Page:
Expungement through Diversion
Under a diversion program, a defendant pleads guilty and enters into a probation period. If the defendant completes all the conditions of probation, and the probation period ends, the defendant can return to court and have the charge expunged from his record at that time.

Through a diversion program, a criminal conviction will remain on your criminal record until you return to court after the probation period and have it expunged.

Expungement through T.C.A. 40-32-101(G)
Under T.C.A. 40-32-101(G), a person may have a conviction expunged from their criminal record if: (1) the conviction qualifies for removal; (2) the person has had no criminal convictions since that conviction; and (3) the person has waited at least five years from the end of the sentence to ask for expungement.

If you meet all three requirements, you can petition the court to have your conviction expunged. Through this process, a criminal conviction will remain on your record for at least five years from the end of your sentence.

Convictions that cannot be Expunged
Unfortunately, there are some crimes that simply cannot be expunged from your criminal record. In such a situation, a conviction will remain on your criminal record, and be discovered in background checks, for the rest of your life.

To learn more about expungement, and to learn how you can access the courts to have your convictions removed, contact an experienced criminal defense attorney.

What is the Difference Between a Dismissal and a Retirement?

I am often asked what is the difference between a retirement and a dismissal? In short, the short term looks a lot different between these two things, but the long term looks the same.

What is a Dismissal?
A dismissal is exactly what it sounds like; the State dismisses the charge against you. In Murfreesboro criminal cases, for General Sessions and Circuit Court, the District Attorney may decide to dismiss charges for a number of reasons. A dismissal means that the State has decided not to pursue charges against you and will end the case at that time.

What is a Retirement?
A retirement is best described as a delay with a dismissal at the end. A retirement means that the case will be continued, which means we will pick a new court date in the future, for a certain period of time. After that period, if you have complied with certain requirements, then the case will be dismissed (see dismissal definition above).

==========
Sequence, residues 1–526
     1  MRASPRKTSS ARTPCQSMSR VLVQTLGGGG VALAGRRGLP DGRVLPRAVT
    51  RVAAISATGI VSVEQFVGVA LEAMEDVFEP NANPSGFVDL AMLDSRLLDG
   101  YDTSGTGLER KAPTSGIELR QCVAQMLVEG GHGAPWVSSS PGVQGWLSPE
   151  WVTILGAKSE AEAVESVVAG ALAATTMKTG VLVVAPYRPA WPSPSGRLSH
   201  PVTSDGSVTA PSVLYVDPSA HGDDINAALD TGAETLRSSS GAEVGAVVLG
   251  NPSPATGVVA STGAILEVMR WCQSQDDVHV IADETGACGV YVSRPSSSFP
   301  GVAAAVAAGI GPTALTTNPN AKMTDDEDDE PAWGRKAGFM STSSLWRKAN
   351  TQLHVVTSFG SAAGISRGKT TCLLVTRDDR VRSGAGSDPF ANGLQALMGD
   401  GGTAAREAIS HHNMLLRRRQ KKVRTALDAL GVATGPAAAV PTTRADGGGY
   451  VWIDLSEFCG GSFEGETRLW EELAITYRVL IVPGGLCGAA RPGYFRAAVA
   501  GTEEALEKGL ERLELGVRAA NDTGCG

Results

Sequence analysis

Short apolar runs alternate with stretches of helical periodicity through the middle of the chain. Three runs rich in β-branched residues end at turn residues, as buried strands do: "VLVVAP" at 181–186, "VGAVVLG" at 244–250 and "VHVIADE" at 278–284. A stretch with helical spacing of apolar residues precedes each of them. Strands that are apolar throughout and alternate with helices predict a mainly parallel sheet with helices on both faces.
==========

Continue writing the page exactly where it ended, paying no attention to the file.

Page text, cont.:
What is the Difference Between a Dismissal and a Retirement?
The difference between a dismissal and a retirement is what happens in the short term during the first six months to a year after your court date. Under a dismissal, there is no immediate actions that you need to take. Under a retirement, you may be required to perform certain tasks or conditions.

If a case is dismissed, it is over, which means that you have no restrictions on your behavior and no conditions you have to complete. In the short term, you are free to act however you wish, just as you were prior to being arrested and/or charged. In the long term, your case is dismissed and expunged from your record.

If a case is retired, then the case is not over. Instead, you have a new court date, likely one year away, and you have a signed agreement that you will complete certain conditions during that year. If, and only if, you complete those conditions, then the case will be dismissed. In the long term, like a dismissal, your case is dismissed and expunged from your record.

As always, if you have questions about Murfreesboro criminal cases, consult a Murfreesboro criminal defense lawyer about your case.

When Should I Waive My Miranda Rights?

Question: When should I waive my Miranda Rights in Tennessee and speak with police about a criminal case?

Answer: Never.

If police want to ask you questions or if you are arrested in Murfreesboro or Rutherford County, tell the police that you want a lawyer with you. Do not speak to law enforcement or answer any questions without your lawyer present.

I thought about writing more extensively on this subject, but that just about covers it.